As Hurricane Sandy has made its way up the East Coast, families in central Virginia are sighing a collective breath of relief. The ‘Frankenstorm’ has been a non-event in this part of the country so far, although stronger winds may still hit tonight.
Those in the Northeast won’t be as lucky. The 5 p.m. update from the National Weather Service shows that the storm is about 30 miles from Cape May, New Jersey and should be on shore within the hour.
Flight cancellations are up to nearly 14,000 including almost 5,000 already cancelled for Tuesday, according to Flight Aware.
The storm will still be massive when it hits the coast. CNN reported shortly after 4 p.m. today that there were already over 765,000 without power.
Snow has been falling in western Virginia for most of the day today. It’s currently 36 degrees with light snow falling in Pulaski, Va.
West Virginia Metro News has photos on their website showing snow starting to accumulate. Snow is forecast to be heavy in the mountains of West Virginia.
Twitter updates are one of the best ways to stay in touch with those areas impacted by Hurricane Sandy. Governor Chris Christie in New Jersey just tweeted, “I am very disappointed in those who did not listen to my order to evacuate.”
From Mayor Bloomberg in New York City comes this tweet, “The storm is here. It’s going to get worse this evening.”
Lack of preparation and failing to follow evacuation orders often cause problems for people in natural disasters.
Baby boomers are often well-prepared, perhaps the result of being raised by parents who lived through the Great Depression.
Ready.gov offers a form you can download for a family emergency plan, information about making a disaster supply kit, and information about what to do in any type of disaster.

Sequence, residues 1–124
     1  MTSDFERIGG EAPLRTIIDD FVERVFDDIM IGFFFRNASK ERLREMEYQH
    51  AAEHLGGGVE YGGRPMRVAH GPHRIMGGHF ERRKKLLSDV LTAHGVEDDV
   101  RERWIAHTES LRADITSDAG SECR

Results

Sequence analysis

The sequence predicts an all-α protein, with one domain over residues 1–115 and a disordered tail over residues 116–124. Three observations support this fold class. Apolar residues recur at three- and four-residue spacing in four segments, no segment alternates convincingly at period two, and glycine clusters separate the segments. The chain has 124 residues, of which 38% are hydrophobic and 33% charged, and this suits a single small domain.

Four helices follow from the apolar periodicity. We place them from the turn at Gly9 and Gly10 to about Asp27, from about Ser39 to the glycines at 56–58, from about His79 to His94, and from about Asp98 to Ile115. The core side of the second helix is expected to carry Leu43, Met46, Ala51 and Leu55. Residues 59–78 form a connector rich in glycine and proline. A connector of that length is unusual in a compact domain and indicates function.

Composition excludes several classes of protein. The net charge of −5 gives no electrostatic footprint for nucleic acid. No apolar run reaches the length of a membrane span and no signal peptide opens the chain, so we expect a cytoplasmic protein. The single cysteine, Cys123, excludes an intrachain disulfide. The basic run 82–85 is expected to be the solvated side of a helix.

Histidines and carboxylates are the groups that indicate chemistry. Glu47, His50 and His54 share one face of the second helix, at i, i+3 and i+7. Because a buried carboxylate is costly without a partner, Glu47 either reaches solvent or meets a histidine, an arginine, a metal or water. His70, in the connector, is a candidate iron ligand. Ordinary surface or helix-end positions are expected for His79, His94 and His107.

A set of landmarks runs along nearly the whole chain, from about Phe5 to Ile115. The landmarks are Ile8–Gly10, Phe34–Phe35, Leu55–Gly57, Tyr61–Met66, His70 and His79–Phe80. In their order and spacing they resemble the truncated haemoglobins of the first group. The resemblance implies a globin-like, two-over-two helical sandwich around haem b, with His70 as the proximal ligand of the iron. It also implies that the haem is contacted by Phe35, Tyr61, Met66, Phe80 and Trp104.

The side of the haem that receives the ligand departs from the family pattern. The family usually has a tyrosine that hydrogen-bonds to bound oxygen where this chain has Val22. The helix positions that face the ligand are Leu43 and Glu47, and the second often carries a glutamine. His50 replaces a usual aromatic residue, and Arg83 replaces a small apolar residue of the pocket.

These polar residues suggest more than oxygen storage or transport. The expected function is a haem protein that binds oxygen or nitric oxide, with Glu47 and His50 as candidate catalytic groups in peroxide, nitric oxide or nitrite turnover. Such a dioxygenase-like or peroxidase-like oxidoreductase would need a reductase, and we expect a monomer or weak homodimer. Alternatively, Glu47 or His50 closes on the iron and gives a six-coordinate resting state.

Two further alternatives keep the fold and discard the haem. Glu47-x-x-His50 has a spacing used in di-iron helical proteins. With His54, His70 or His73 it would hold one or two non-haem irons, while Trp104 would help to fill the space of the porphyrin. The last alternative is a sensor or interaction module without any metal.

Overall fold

Your family’s disaster kit should include water, non-perishable food, a battery-powered radio with extra batteries, a flashlight, any needed medications and a first aid kit.
You should also have insurance information on file as well as an inventory of your valuables and an evacuation plan with a meeting place set up in advance.
When preparing your home before a hurricane or other wind event, you should store or secure any loose materials in your yard.
Most people think about their lawn furniture and children’s toys but one item many people don’t think about securing is their trampoline.
Springfree Trampoline offers advise to those with trampolines. Here are some safety measures to follow to anchor trampolines prior to a hurricane or other high wind event.
If possible, change the location of your trampoline, moving to a sheltered location or indoors in a garage or basement. If this isn’t an option, secure the frame with sand bags and collapse the net to prevent the enclosure from being caught in high winds.
You should also remove all accessories including balls, nets, ladders and games. You should not put the trampoline on its side as this positioning will pick up wind more easily.
According to a tweet just posted by Bret Baier, Hurricane Sandy made landfall at 6:03 p.m. on the southern New Jersey shore. Be prepared: it’s more than just the Girl Scout motto.